We went through most of the lesson, and I held back until near the end to drop my truth bomb. We talked about Abraham, how that God told him to leave his home and head for a not-yet-revealed destination. I talked about Abraham’s amazing trust in that moment, and his lapses of trust later on. In section 5 Craig asked my why Jehovah asks us to make changes, and my answer was “for our own good.” We talked about how Jehovah can help us, his friends, and how we can communicate with him. Craig asked me “How does Jehovah communicate with us?”, expecting me to give the answer “through the Bible” as in the lesson. My answer was “through the Bible, directly to us as we pray, through circumstances, and through other trusted believers.” (These are the 4 main points of the Bible study Experiencing God by Henry Blackaby: God speaks through The Bible, Prayer, Circumstances, and the Church. I highly recommend that study; I’ve gone through it 3 times.)

Up to this point nothing was very controversial, until . . .

Until I went off script.

After all this, I told Craig that I had a question. My question was, “Above and beyond being friends with Jehovah, I believe I have experienced being adopted by Jehovah as his son, as taught in Romans 8. Have you experienced being adopted as Jehovah’s son?”

Craig gave me a half-hearted “I think so,” as though he were thinking about it while trying to give me an answer. JW’s believe (as they are taught) that adoption as sons and daughters, along with many other blessings or “kingdom privileges,” is reserved for only the anointed 144,000 believers. I gushed about the experience. “It’s fantastic!” I said. “I can call him Dad, like it says in Romans 8, “Abba, Father.” I continued to talk about John 1, where it says that to as many as have received him (Jesus) he gave the right to be legally declared adopted sons of God. I talked about until I felt it was enough, but not so much to shut him down. Then we finished up the lesson’s summary points in a friendly manner. When we got the the final question “Do you think Jehovah expects too much of his friends?” I said, “Well, yes and no. He expects perfection, as Jesus said, ‘Be perfect and your Father in heaven is perfect.’ But God also gives us his presence by his Holy Spirit, enabling us to obey him. He keeps working on us, never giving up on us, even when we fail.” Craig seemed agreeable about that. (I think there’s a lot he hasn’t thought through fully. Which I think God is using in our favor.) It was another good conversation together, and we both look forward to next week.

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A Christian in a Jehovah’s Witness Bible Study: Part 7

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Lesson 7 in the Jehovah’s Witness study book Enjoy Life Forever! is titled “What is Jehovah Like?” I approached my meeting with “Craig,” my JW friend, with some nervousness. I knew we would run into some disagreements with this topic. If found myself trying to straddle a great gulf between speaking my views and risking Craig breaking things off, or compromising and having no influence on him. The governing bully (oops, I mean governing body) of Jehovah’s Witnesses leave little room (or none) for any sailing in between those two docks. The rhetoric is strong for JW’s to have no dealings, and thus no conversations, with those who disagree with their views. Unless a candidate shows signs of teachability (that is, complete acceptance of everything they teach), they are admonished to cut off the relationship. My nervousness was compounded when I saw that again Craig had invited another of his elders to join us.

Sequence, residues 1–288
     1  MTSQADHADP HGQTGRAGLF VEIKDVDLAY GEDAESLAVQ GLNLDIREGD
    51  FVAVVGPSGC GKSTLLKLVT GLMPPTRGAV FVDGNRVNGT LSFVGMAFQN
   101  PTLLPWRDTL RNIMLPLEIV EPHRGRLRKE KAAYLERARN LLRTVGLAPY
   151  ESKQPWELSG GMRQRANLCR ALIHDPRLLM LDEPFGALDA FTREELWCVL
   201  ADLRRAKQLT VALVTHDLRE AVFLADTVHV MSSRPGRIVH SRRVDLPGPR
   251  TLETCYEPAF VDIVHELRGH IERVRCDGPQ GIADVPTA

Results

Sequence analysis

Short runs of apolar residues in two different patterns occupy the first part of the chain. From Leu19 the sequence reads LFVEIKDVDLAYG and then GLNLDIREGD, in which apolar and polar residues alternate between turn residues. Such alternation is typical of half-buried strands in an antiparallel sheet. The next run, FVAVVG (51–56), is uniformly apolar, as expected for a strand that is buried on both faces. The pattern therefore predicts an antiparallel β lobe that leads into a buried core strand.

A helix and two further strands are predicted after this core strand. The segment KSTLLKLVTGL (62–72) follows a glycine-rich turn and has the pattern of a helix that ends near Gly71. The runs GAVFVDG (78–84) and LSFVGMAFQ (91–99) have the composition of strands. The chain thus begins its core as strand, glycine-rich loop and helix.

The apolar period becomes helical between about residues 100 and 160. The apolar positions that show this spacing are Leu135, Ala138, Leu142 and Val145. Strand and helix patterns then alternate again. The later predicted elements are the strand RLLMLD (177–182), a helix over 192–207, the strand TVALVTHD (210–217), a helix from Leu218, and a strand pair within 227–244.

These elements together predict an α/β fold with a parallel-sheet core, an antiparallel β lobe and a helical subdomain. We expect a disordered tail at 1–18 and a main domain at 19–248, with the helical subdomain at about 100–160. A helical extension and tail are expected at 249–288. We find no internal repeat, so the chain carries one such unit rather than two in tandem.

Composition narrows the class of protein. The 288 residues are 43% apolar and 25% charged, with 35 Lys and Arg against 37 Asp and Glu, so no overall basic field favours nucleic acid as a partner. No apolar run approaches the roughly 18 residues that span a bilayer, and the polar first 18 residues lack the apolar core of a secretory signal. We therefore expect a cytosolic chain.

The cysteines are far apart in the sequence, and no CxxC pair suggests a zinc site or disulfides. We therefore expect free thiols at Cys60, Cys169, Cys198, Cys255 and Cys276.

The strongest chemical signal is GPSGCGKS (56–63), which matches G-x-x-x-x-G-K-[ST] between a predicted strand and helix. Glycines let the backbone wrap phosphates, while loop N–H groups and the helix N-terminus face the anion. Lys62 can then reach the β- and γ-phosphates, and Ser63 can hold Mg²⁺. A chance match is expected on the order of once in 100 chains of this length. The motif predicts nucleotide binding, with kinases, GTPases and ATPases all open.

So how would I walk the tightrope? (And can I mix in any more metaphors?) Well, I decided to express my views in the form of questions. It’s a good practice with JW’s. Rather than coming across as “No, you’re wrong,” it says, “Can you help me understand your view?”

The first section asks “Why are we unable to see God?” They are right to teach that God is a spirit, without a physical body. I used that as an opportunity to ask a question, saying, “I was talking with an old-school JW, and he still believes that God has a body, but he called it a ‘spirit-body.’ Has the view on that changed? Does God have a spirit-body, and how is that different from a physical body?” That question stumped both of my JW friends. They hemmed and hawed, sometimes sounding like their answer was yes, and sometimes no. There was no consistency. They both said that more research would be needed to adequately answer that question. “Yeah, get back to me on that,” I responded, giving them an out for now.

Sections 2 and 3 had no content that I strongly disagreed with, so we just went through it without any drama.

Section 4 was “Holy spirit–God’s active force.” Oh my Lord, help! How do I express my STRONG disagreement with this, without alienating them? Craig read to me the question, “So do you think holy spirit is a person, or is it God’s active force? Why do you say that?” and he waited for my response. I paused, thinking and praying, trying not to panic. I began with “Well, I don’t think you’ll agree with my response.” In the silence that followed, the tension was real. “Because,” I added, “As I read Paul’s letters, the Holy Spirit can be grieved, and as I read the book of Acts, the Holy Spirit speaks to the believers, guiding and directing them. I believe the Holy Spirit is the presence of God himself.”